Merlot has suffered from a bit of a tarnished reputation, which is often blamed on the 2004 hit film “Sideways." In the film, Paul Giamatti plays passionate wine snob Miles, who in one memorable scene screams, “If anybody orders merlot, I'm leaving. I am NOT drinking any f---ing merlot!”
But while the film did damage merlot’s image, the wine industry also had itself to blame. In their great rush to market, wineries put a lot of green, young and thin wine into the bottle. Consumers wanted merlot, and so for a time it was king. But the public is a fickle master, and by the time “Sideways” came out, it had become cool to be a merlot basher.
However, I believe that this is a temporary setback.
Merlot can be voluptuous, fleshy and well-textured. The aromatics are leafier than cabernet. When made incorrectly, it can be downright green, but that can be addressed with good vineyard management and care in the winery.
Some of the best wines in the world are merlots. Chateau Petrus, from Pomerol in Bordeaux, France, was ranked as one of the best wines in the world in 2012. It sells for a mere $2,400. Yes, that’s per bottle! The Saint-Émilion and Pomerol regions in France are famous for their merlots and pretty much taught the world how it’s done.
Washington is my go-to for high quality-to-dollar ratio. Indeed, you need only spend $15 to $20 for great-tasting wines. High-end Washington merlots are lovely -- Quilceda Creek, Leonetti, DeLille, Abeja and Pepper Bridge, to name a few examples. If you can find them, be prepared to spend a Franklin or two.
In California, merlot is the fourth most widely planted grape variety, behind chardonnay, cabernet and zinfandel. Shafer, Pride, La Jota, Blackbird, Pahlmeyer, Duckhorn, Merryvale: These are all top-flight merlots that rival anything from Bordeaux. But California merlots are cheap compared to their cabernet counterparts. Napa or Sonoma cabernet at this quality can run $300 to $400 a bottle, but the merlots run $50 to $70. Are you starting to like merlot now?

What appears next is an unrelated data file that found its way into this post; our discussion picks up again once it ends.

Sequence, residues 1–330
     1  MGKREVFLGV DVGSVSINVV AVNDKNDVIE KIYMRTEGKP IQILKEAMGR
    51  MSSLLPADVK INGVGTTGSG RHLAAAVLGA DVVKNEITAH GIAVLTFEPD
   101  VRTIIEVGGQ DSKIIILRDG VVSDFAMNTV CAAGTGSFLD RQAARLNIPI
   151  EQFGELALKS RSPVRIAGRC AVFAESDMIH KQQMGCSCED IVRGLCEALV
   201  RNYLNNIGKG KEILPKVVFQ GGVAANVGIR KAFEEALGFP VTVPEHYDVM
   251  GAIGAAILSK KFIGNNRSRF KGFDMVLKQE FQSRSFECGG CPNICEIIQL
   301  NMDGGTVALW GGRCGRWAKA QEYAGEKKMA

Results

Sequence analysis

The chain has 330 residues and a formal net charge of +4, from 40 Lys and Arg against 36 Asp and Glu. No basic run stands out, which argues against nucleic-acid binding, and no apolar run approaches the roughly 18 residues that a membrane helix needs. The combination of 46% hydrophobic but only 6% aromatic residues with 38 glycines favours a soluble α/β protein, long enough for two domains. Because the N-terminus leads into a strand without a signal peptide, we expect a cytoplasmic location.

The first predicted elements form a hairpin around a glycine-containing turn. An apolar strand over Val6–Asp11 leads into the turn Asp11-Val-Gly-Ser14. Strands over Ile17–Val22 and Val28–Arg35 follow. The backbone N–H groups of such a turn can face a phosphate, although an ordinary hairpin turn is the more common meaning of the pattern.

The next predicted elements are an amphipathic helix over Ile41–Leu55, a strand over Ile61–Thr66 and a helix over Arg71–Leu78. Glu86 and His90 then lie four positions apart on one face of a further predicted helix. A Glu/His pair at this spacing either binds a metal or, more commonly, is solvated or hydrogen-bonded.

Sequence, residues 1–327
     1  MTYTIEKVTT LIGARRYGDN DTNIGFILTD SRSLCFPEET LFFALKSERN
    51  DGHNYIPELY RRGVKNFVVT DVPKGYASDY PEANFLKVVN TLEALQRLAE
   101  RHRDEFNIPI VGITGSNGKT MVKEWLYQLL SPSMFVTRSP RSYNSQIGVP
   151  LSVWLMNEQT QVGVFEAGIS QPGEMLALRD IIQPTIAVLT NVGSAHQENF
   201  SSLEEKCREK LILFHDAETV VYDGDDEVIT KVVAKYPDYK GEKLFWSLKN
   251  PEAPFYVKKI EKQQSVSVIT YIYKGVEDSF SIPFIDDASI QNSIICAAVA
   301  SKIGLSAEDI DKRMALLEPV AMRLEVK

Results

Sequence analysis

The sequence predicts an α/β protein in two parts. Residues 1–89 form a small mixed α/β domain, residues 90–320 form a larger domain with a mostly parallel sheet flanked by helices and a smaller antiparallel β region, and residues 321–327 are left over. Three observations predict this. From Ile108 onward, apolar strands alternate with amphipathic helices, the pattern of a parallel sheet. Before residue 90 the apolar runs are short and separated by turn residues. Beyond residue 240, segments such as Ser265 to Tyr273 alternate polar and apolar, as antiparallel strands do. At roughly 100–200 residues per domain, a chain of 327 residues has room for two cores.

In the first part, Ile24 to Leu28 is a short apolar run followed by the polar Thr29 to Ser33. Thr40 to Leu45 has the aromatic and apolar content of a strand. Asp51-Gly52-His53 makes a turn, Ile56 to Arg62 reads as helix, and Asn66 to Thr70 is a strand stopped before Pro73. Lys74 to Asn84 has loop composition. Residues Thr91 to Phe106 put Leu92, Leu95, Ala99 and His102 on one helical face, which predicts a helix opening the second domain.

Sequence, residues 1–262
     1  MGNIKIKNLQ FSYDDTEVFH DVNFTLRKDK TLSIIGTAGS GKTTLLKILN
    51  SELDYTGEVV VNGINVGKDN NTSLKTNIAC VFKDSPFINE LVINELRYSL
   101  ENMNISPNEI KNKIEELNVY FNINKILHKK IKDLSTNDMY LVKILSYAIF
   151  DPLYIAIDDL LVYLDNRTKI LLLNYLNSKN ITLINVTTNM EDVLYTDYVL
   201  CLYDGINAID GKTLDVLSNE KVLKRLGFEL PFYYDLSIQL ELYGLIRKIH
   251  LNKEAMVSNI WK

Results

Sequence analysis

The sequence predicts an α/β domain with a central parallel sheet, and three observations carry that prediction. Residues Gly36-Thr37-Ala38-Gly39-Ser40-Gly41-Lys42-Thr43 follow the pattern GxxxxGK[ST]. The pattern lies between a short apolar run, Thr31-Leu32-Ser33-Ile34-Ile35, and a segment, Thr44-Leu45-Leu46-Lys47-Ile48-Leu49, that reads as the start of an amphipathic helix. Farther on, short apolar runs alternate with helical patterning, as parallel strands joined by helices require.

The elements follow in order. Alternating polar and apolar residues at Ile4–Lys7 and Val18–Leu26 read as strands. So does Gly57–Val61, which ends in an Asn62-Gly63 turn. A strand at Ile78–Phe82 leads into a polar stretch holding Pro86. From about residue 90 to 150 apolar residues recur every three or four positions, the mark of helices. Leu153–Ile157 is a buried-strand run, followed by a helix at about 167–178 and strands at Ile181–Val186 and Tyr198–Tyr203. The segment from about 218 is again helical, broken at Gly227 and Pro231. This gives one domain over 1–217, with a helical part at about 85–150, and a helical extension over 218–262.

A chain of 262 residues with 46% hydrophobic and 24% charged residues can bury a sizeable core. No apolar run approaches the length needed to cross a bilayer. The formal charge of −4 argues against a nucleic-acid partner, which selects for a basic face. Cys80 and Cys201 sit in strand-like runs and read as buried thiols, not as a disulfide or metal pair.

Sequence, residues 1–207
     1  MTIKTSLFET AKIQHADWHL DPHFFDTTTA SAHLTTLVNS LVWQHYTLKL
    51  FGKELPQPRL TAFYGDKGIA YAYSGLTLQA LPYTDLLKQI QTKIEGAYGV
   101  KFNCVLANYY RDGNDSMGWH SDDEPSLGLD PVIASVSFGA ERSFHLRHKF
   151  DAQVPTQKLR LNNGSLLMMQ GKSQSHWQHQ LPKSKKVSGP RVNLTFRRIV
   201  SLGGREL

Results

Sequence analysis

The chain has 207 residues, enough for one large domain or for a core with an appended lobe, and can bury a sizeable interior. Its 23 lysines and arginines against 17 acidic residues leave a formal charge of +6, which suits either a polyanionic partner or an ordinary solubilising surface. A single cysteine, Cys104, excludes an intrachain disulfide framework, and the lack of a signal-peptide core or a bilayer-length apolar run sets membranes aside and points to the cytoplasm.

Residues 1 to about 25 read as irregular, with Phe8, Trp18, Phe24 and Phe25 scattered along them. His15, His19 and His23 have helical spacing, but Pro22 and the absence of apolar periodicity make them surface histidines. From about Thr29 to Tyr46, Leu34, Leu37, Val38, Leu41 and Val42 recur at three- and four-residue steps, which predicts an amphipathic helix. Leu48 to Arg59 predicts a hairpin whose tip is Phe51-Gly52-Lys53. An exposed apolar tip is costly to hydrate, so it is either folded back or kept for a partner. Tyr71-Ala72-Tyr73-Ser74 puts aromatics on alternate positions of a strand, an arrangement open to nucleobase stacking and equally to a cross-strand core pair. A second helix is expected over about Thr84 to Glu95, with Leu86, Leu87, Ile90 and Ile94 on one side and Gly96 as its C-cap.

Being in Alaska is wonderful, but life at the top of the planet has some drawbacks -- it’s hard to get everything you want and shipping is expensive. With that in mind, I have tried to pick and review some awesome merlots that you can actually go out and find in shops around town.
2009 Rutherford Hill Merlot, Napa Valley, California
Founded in 1972, Rutherford Hill winery’s original focus was merlot and Bordeaux varietals. Today, it is one of the few Napa Valley wineries devoted to merlot. Rescued by the Terlato Wine Group, the winery has seen huge improvements in equipment and vineyards, raising the quality manyfold. The 2009 is a Bordeaux style, meaning it’s not sappy, in-your-face fruit, but lighter, with cherry fruit and cedar-plank nuance both in the aroma and on the palate. Mild tannins add chewiness and firm acids give backbone, making a great canvas to paint food on. Costs about $30.
2011 J. Lohr Los Osos Merlot, Paso Robles, California
Founder Jerry Lohr must have had a crystal ball. He planted in 1972 south of the bay in Monterey. Oh, sure, everyone’s there now, but not then. I was fortunate enough to taste through the J. Lohr lineup recently. I’d had them all before, but when the merlot was brought out, I did a double take. The nose was pushier than I remembered, holding fragrant herbs and a generous cookie spice character. The mouth held delicious, juicy black fruit, mild tannins and balanced lifting acids. What a charmer this wine turned out to be. Costs about $18.
2008 Camaraderie Cellars Merlot, Washington
This one is special. Don Corson (owner and winemaker at Camaraderie Cellars) crafts this beauty from the very best Washington vineyards. The nose is full, with hints of black fruit, eucalyptus, mint, plum, fig and dates. In the mouth, succulent black cherry cola, cedar plank and lovely tannin combine for thrilling flavors. This dark wine is young yet. I would decant it for the best results. Better yet, put some in your cellar for three to five more years. Costs about $25.
2010 Miner Family Winery Merlot, Stagecoach Vineyard, Napa Valley, California
Every year, Miner Family Winery produces one of the most satisfying and complex merlots in California. This 2010 is lovely, with a deep ruby color and aromas of cedar, spice and herb. Once in the mouth, its complexity and subtleness become apparent. Strong fruit and persistent flavors quietly show off complexity and beauty. Mild tannins add texture for grip and resistance. Costs about $45.
2010 Velvet Devil Merlot, Washington
Velvet Devil’s whimsical name pokes fun at the seriousness of the wine trade. Creator Charles Smith’s irreverent behavior hides the fact that he is making some very, very good wines. Fruit for the Velvet Devil Merlot is sourced from excellent vineyards in the Wahluke Slope and Yakima AVAs (American Viticultural Area). Our bargain entry has deep colors and fresh black fruit aromas. The palate is, as the name implies, velvety smooth with fresh blackberry-cherry fruit and a modicum of complexity. Cost about $14.
Mike McVittie review wines available in Anchorage.